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Former NFL Player Accused of Not Paying to Support His Daughter Who Is 'Unable to Walk, Nearly Blind and Unable to Eat Normal Food

"The father does not appear to understand the magnitude of the child’s need."

Clint Sessions #55 of the Indianapolis Colts watches from the sidelines during the NFL preseason game against the Cincinnati Bengals at Lucas Oil Stadium on September 2, 2010 in Indianapolis, Indiana. (Andy Lyons/Getty Images)

Davia Bradshaw is a 36-year-old single mother with a severely disabled daughter whose medical needs demand 24/7 care.

Three-year-old Ashton was born with a brain defect, cerebral palsy and encephalopathy. According to the New Times Broward, she's "unable to walk, nearly blind and unable to eat normal food" and her therapy needs costs thousands of dollars each month.

The newspaper reported that Bradshaw has lost two cars since her daughter's birth and cannot afford rent, so she lives with friends and family who will take her and her toddler in.

"It’s not a situation where I can put her in daycare or school and return to work. I have to be with my daughter 24/7," Bradshaw told the New Times, which noted that Ashton needs support to even just sit up on her own.

Clint Sessions, then #55 of the Indianapolis Colts, watched from the sidelines during the NFL preseason game against the Cincinnati Bengals at Lucas Oil Stadium on September 2, 2010 in Indianapolis, Indiana. (Andy Lyons/Getty Images)

The dire situation of Bradshaw and her daughter is in stark contrast to that of her father, a former NFL player who made millions in his career.

Clinton Session, a linebacker who was first drafted by the Indianapolis Colts before he later signed a $30 million contract with the Jacksonville Jaguars, was identified as the father in court in 2014, two years after Ashton was born and he and Bradshaw broke up.

Session, whose NFL career ended after a concussion but the newspaper noted $11 million of his contract was guaranteed, is accused of not paying child support for his disabled daughter. What's more, he's accused of giving more than $5 million to his parents "for intentional avoidance for income for child support purposes." The court deemed this an "attempt to circumvent [...] his guideline child support obligation."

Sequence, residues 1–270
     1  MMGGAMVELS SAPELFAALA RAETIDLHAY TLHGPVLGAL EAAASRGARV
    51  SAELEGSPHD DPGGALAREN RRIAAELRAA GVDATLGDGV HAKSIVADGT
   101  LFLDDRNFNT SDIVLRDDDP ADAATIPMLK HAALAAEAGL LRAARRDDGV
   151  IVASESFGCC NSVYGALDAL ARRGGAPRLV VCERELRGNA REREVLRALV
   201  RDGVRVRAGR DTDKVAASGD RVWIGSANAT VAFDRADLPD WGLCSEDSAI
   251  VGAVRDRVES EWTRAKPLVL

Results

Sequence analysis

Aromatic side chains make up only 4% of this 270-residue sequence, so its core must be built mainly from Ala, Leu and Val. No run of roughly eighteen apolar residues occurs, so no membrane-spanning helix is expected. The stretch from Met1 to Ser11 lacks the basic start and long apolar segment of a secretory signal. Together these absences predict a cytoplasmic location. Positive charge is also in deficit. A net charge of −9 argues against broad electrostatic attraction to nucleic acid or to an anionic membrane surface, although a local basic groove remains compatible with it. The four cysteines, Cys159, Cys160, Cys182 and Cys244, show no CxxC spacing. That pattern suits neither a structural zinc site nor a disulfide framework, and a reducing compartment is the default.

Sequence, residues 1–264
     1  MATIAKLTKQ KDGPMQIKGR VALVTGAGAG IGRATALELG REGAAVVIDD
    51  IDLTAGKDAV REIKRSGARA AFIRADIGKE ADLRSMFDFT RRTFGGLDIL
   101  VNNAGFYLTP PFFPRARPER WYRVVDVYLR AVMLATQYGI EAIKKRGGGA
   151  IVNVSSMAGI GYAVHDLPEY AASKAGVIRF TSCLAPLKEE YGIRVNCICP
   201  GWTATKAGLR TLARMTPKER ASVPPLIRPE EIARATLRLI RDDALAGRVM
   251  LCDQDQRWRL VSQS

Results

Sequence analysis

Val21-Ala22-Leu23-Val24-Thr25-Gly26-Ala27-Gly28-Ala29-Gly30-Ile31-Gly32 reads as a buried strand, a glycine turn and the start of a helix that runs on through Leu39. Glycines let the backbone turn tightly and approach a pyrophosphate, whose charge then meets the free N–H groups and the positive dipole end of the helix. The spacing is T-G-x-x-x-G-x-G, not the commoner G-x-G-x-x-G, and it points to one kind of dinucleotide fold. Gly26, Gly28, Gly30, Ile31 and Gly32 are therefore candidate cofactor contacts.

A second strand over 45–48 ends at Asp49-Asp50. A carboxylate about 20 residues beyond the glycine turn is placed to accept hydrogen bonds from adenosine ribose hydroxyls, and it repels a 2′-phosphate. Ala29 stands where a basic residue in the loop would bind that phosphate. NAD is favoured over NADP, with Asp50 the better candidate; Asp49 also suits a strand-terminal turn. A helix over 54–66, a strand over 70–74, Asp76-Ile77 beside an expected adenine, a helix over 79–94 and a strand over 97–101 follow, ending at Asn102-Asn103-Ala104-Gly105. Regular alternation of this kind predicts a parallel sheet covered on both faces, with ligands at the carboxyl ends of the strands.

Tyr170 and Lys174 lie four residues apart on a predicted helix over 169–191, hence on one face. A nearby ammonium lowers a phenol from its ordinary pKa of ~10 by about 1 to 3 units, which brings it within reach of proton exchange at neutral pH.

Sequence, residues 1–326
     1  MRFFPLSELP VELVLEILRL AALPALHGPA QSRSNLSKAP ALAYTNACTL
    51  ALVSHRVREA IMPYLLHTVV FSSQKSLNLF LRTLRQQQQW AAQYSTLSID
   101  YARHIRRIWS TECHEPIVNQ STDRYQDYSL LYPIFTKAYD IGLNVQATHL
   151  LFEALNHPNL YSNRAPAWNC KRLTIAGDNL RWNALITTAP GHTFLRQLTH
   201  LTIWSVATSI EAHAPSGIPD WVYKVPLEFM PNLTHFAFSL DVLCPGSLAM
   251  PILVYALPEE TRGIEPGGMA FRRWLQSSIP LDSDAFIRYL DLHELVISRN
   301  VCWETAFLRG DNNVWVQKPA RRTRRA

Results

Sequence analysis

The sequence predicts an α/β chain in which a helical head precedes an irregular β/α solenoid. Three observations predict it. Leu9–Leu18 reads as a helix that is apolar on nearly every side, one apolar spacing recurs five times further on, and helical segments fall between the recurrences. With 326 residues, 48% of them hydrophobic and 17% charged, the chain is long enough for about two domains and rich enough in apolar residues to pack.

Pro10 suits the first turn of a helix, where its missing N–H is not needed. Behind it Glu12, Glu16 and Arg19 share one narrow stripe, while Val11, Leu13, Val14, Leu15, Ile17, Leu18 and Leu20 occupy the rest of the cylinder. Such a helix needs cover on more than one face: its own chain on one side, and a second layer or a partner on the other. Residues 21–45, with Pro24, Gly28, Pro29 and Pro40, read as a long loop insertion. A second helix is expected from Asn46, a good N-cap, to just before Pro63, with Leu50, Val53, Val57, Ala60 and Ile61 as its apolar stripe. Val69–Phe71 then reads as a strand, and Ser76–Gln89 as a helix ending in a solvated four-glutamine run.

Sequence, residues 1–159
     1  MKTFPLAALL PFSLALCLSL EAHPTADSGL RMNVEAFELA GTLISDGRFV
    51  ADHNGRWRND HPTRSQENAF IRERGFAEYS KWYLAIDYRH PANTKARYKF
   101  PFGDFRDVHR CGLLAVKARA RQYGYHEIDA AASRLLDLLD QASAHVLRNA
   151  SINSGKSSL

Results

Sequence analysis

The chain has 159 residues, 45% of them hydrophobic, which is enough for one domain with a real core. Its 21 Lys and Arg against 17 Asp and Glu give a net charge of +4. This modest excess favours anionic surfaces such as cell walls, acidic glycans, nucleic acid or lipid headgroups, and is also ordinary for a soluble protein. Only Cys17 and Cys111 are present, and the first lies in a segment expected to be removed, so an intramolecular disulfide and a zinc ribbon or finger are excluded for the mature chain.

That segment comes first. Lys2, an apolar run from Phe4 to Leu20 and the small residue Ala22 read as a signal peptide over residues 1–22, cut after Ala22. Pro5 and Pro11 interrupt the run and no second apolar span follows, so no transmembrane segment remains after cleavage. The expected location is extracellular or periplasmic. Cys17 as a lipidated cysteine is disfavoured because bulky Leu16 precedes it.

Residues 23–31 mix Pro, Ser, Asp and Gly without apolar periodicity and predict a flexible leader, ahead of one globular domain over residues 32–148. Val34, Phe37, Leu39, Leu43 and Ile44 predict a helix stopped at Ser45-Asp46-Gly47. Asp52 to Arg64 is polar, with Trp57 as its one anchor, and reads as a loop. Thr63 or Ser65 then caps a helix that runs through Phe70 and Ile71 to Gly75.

The court ruled that starting in January of this year, Session would have to pay Bradshaw over $6,900 a month to benefit their daughter. In addition, starting in February he was to pay $2,000 a month until the over $109,000 he owed her in child support was paid in full. Session was also supposed to help pay for a variety of medical therapy and equipment as well.

According to court documents, in the first four months of this year, Session only paid $1,000 per month.

Bradshaw is still working through the legal system for justice, which the New Times noted has been slowed after Broward County Judge Arthur Birkin reluctantly recused himself of the case, saying after a shouting match between families that the "conduct [...] made it impossible to maintain neutrality."

"The mother and child appear to reside in a room while the father lives in an $800,000 house that is paid in full," Birkin wrote, according to the newspaper. "The father does not appear to understand the magnitude of the child’s need."

Bradshaw's attorney Sara Lawrence told the New Times that despite a final judgement from the court, "then you have to try to get people to do what they’re supposed to do. It’s very frustrating."

Lawrence said Session is "playing games" and making Ashton wait longer for "treatment she needs."

Session, when reached by phone by the New Times, said he would not "discuss a confidential case."

(H/T: Daily Mail, Deadspin)

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